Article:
US Secret Service accuses Chinese government-linked hackers of stealing $20 million in Covid relief


Chinese government-linked hackers have stolen at least $20 million in US government coronavirus relief funds, a US Secret Service spokesperson told CNN Monday – the first time the agency has connected Covid-19 fraud to hackers affiliated with a foreign government.

The hackers raided unemployment insurance funds and Small Business Administration loan money in more than a dozen US states, said Secret Service spokesperson Justine Whelan.

It is unclear if the hackers conducted the theft for personal gain or if they were operating on behalf of Beijing. CNN has requested comment from the Chinese Embassy in Washington, D.C.

NBC News first reported the news.

The hacking group the Secret Service blamed for the activity is known to the cybersecurity industry as APT41 and has for years allegedly conducted espionage on behalf of the Chinese government while also dabbling in self-enrichment schemes.

US prosecutors have accused APT41 of working on behalf of China’s civilian intelligence agency, the Ministry of State Security; a 2020 Justice Department indictment alleged that APT41 operatives were part of hacking schemes that targeted pro-democracy politicians in Hong Kong and breached over 100 companies in the US and abroad.

“Of the more than 1,000 ongoing investigations involving transnational and domestic criminal actors defrauding public benefits programs, APT41 has emerged a notable player,” said Roy Dotson, the Secret Service’s national pandemic fraud recovery coordinator, in a statement.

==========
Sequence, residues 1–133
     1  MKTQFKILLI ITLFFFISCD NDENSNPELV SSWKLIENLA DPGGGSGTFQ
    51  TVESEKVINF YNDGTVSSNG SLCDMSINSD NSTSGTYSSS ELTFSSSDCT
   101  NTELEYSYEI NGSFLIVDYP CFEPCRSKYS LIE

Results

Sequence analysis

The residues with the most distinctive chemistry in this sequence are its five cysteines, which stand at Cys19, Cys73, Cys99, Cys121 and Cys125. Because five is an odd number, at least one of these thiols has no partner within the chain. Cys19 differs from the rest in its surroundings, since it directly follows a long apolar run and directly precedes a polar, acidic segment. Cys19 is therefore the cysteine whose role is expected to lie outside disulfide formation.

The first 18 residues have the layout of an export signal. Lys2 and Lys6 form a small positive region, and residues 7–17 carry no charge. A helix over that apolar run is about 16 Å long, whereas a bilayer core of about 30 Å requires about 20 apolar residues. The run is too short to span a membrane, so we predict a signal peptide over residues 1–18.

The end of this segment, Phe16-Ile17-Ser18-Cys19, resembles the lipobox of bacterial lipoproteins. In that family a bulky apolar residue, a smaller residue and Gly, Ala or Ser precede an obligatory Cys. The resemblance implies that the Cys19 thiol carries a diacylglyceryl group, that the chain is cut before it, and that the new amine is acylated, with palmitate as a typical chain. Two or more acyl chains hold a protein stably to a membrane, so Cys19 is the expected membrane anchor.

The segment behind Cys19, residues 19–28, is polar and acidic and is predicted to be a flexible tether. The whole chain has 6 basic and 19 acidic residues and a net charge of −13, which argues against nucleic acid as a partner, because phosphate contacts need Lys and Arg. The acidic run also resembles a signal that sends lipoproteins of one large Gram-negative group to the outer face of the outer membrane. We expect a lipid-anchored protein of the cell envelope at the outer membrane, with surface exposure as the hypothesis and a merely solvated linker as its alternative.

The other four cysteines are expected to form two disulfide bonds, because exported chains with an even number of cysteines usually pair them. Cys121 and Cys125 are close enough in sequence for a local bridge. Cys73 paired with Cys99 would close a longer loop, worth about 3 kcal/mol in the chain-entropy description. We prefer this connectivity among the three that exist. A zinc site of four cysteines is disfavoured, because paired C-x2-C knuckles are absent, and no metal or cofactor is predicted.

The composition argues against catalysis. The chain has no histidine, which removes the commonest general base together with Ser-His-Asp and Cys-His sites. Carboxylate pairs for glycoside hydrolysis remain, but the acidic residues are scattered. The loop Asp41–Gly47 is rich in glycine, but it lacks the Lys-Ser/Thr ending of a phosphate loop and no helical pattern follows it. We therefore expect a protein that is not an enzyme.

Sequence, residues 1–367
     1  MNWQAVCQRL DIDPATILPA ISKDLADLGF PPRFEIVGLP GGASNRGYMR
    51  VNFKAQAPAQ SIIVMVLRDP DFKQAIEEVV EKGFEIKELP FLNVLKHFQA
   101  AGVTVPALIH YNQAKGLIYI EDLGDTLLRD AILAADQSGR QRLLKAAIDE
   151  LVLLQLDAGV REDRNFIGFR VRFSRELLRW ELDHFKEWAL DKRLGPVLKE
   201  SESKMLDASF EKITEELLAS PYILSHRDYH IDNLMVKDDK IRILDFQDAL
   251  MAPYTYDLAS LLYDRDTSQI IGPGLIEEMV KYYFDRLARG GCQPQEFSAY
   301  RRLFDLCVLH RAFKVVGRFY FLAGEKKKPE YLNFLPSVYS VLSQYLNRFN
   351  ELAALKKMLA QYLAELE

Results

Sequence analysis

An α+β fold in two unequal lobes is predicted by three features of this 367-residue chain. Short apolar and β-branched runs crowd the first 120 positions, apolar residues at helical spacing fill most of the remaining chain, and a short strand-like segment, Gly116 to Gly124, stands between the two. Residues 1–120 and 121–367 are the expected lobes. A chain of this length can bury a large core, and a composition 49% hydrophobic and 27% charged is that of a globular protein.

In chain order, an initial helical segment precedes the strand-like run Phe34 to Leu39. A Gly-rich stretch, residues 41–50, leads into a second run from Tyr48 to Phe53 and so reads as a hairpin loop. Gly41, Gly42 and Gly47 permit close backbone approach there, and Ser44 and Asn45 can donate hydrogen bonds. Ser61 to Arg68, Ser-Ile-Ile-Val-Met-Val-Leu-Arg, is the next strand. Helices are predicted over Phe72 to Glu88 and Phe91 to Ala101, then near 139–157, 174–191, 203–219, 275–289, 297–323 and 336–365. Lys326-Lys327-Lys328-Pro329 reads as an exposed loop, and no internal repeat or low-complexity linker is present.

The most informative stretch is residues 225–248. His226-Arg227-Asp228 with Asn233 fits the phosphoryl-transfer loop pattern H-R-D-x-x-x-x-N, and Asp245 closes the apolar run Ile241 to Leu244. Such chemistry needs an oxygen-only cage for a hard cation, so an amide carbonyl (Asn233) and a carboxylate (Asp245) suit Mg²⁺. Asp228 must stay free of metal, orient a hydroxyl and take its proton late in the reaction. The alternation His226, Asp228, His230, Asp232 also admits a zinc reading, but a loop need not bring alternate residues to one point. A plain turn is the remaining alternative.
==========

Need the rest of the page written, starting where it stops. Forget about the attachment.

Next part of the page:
But the $20 million in Covid-19 relief support is just a fraction of pandemic relief money stolen from US government coffers by a broad range of criminal groups.

The Secret Service says it has seized over $1.4 billion in ill-gotten funds since 2020. To get a grip on the problem, the agency tapped Dotson to work with law enforcement agencies across the country to recover stolen funds.

In the case of APT41, the hackers have had their sights on US state governments for some time. The group went on a hacking spree against US state agencies in 2021 and 2022, breaking into computers at government agencies in at least six US states, cybersecurity firm Mandiant, which is owned by Google, said in March.

Chinese hackers who use similar computer code to APT41 surged their activity this year, targeting sensitive data held by companies and government agencies in the US and dozens of other countries, an expert at consulting giant PricewaterhouseCoopers previously told CNN.

“APT41 is essentially a criminal enterprise that moonlights on behalf of an intelligence service,” John Hultquist, Mandiant’s vice president of intelligence analysis, told CNN.

“If this is criminal activity targeting government agencies in the United States, it’s a bit of an escalation” for APT41, Hultquist said, adding that it was unusual for the group to cash out on such a high-profile target.

FBI Director Christopher Wray has called China’s hacking program more prolific than that of all other governments in the world combined. Beijing has routinely denied such allegations while accusing the US government of targeting China with hacks.

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